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‘Boston Legal’ lawyer makes his case for Alzheimer’s drug

Rating

4 Star

‘Boston Legal’ lawyer makes his case for Alzheimer’s drug

Our Review Summary

This story is an interesting twist to the usual health news article reviewed on this site. It comes from a regular column, "The Unreal World," in the LA Times that reviews health issues in prime time TV shows. The story provides an overview of a recent episode of a popular TV show – Boston Legal (ABC, Dec 1) and then addresses the clinical content of the show in a point-by-point manner. The episode continues a story line about a lead character Denny Crane, played by William Shatner, who has been diagnosed with mild to moderate Alzheimer’s disease. Crane/Shatner’s memory loss is progressing so he takes legal action (all the way to the supreme court) to gain access to an experimental drug which has not been approved by the Food and Drug Administration (FDA). The aspects of this dramatization related to Alzheimer’s disease symptoms and stages, PET scans of the brain, the experimental drug Dimebon, and the FDA approval drug approval process are accurate. The article is well organized, raising and summarizing the relevant clinical issues, addressing the medical questions in depth and evaluating their portrayal in the TV show. The column omits some basic information we wish it had included such as quantifying the benefits seen with Dimebon, something on the harms seen with it, and a reminder that available medications for Alzheimer’s can help a small number of people but only for a limited amount of time.

Criteria

Does the story adequately discuss the costs of the intervention?

Not Applicable

The cost of the drug is not particularly relevant in this case.

Does the story adequately quantify the benefits of the treatment/test/product/procedure?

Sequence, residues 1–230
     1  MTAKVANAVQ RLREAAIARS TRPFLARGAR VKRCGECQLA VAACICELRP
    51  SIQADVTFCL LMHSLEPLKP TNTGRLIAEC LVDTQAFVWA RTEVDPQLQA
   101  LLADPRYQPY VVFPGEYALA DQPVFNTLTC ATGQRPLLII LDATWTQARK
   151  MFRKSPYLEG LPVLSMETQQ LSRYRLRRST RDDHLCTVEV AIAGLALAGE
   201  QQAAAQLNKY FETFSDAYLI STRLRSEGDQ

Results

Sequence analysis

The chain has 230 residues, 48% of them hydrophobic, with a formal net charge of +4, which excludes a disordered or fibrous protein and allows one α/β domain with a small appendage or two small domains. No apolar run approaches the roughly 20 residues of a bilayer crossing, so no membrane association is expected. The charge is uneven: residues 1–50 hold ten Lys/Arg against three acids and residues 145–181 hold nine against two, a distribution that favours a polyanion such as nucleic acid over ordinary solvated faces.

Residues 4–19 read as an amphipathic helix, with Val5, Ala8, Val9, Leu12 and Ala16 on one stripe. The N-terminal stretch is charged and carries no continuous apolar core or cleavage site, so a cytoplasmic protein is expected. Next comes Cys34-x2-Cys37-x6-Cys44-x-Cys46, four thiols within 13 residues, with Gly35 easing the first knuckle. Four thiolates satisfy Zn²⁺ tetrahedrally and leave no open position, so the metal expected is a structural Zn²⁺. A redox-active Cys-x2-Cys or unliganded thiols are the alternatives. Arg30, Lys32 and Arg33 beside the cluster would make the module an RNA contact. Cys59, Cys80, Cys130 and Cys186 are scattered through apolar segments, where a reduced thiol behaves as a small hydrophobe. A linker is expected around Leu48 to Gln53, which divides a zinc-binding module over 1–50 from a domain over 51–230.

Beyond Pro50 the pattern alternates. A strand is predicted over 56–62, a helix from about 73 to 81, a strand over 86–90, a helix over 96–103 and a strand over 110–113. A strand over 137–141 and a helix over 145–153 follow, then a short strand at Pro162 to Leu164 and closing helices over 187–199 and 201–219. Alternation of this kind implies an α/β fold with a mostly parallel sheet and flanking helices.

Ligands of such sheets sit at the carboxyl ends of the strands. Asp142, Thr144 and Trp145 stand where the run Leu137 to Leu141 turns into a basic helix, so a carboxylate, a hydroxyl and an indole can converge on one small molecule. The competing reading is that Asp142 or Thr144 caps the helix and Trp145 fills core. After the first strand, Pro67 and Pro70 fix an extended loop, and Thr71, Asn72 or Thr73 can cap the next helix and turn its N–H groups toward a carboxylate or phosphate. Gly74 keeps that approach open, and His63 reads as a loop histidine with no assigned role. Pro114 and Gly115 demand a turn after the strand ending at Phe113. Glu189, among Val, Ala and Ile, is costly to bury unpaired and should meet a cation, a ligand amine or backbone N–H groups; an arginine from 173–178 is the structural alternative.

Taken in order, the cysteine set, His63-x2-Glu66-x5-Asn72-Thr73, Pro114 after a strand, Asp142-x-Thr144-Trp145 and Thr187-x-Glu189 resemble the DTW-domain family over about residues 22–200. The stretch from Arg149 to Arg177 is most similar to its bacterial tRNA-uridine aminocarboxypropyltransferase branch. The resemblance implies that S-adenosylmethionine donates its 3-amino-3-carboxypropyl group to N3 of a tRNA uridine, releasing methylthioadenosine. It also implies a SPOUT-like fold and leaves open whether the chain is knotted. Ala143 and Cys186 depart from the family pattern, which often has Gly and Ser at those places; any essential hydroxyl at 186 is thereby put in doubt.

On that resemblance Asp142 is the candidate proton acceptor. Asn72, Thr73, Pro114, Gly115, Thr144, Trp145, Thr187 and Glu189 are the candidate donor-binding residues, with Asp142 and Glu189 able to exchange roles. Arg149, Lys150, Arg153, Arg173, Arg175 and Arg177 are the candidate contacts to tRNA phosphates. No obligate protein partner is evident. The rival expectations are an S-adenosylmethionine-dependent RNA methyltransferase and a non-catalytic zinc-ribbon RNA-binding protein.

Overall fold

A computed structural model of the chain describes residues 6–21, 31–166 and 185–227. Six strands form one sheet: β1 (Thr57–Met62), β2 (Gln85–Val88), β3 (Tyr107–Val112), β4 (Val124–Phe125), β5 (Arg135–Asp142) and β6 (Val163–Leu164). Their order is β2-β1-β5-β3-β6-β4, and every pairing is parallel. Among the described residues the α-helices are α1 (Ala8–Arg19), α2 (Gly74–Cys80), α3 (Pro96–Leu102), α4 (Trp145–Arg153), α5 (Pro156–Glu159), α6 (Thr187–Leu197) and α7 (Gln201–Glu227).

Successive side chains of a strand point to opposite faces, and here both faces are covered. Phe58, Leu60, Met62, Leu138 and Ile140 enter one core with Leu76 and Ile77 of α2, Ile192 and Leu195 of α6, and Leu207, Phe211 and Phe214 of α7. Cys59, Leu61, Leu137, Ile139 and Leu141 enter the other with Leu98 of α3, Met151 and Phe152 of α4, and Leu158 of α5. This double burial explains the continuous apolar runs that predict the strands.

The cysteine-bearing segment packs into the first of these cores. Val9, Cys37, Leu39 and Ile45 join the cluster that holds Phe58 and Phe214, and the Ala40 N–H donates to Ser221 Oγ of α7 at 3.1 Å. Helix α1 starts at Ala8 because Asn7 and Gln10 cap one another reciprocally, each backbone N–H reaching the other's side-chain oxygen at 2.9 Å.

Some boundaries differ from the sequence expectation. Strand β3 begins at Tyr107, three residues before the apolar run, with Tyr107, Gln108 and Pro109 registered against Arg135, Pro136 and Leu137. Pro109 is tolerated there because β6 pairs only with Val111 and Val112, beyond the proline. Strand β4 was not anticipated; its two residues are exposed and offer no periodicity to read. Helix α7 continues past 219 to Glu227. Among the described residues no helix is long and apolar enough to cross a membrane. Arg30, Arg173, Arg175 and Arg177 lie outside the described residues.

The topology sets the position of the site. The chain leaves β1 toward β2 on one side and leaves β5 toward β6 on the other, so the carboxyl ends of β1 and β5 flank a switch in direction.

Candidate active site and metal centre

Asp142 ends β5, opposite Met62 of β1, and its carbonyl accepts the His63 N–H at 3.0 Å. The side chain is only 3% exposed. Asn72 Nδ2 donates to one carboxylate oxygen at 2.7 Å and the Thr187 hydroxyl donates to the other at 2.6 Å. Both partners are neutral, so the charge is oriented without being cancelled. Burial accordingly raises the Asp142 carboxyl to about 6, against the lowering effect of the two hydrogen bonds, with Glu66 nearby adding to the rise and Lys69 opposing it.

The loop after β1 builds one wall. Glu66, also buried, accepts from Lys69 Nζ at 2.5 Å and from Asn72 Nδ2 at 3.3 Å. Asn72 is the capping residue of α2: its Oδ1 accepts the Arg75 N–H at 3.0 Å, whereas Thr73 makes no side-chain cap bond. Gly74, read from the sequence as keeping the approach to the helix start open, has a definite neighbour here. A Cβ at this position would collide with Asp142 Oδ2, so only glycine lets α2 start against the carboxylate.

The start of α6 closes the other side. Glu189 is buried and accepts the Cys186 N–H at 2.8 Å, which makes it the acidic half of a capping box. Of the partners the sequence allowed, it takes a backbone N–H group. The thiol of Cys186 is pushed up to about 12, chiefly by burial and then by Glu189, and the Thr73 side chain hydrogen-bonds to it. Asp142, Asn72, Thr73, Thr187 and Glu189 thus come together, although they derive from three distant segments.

Not Satisfactory

This story points out the potential benefits of Dimebon based upon preliminary research, but didn’t quantify those benefits. These include improved cognition, memory and ability to perform activities of daily living. These potential benefits should have been placed in the context of existing medications which have shown a very modest effect in these outcomes, in only one-third of people, and for a short-period of time. Little is know about the long-term use of these medications.

Does the story adequately explain/quantify the harms of the intervention?

Not Satisfactory

The story references general concerns of experimental drugs which do not have proven effectiveness or safety. Potential harms of Dimebon were not mentioned. However, the research study about the Dimebon published in The Lancet reported that dry mouth was the most common side effect. For reference, there can be gastrointestinal side effects from currently approved medications. These are usually dose related and can be minimised by taking the medications with food and gradually increasing the dose overtime.

Does the story seem to grasp the quality of the evidence?

Satisfactory

This story takes a point-by-point approach to evaluate the medical issues related to Alzheimer’s disease raised in the TV episode. The Premise section provides a good, basic description of PET scan brain imaging and symptoms of mild to moderate memory loss. The story should have clearly noted that PET scans do not provide a definitive diagnosis and that tests to evaluate memory such as questionnaires and neurological examinations, are routinely performed as the first line of evaluation. The piece does provide an appropriate level of depth in its discussion of the experimental nature of Dimebon, results of research conducted in Russia, and the stages of the FDA approval process.

 

Does the story commit disease-mongering?

Satisfactory

Basics facts about the prevalence of Alzheimer’s disease were not provided, but would have helped readers to understand how many people are affected (about 15% over 70 years old). Given that, Alzheimer’s disease was accurately characterized in the story.

Does the story use independent sources and identify conflicts of interest?

Satisfactory

The story includes interviews from an independent medical expert and the chief medical officer for the Alzheimer’s Association (www.alz.org).

Does the story compare the new approach with existing alternatives?

Not Satisfactory

This story could have been enhanced by adding that there are currently no cures for Alzheimer’s disease. It should have noted that available medications can help a small number of people but only for a limited amount of time.

Does the story establish the availability of the treatment/test/product/procedure?

Satisfactory

This story clearly indicates that the experimental drug Dimebon is not available in the U.S. It also notes that the drug won’t be available for at least three years, pending FDA approval.

Does the story establish the true novelty of the approach?

Satisfactory

The story indicates that Dimebon is a new and experimental drug to treat Alzheimer’s disease.

Does the story appear to rely solely or largely on a news release?

Satisfactory

This story does not rely on a press release.

Total Score: 6 of 9 Satisfactory

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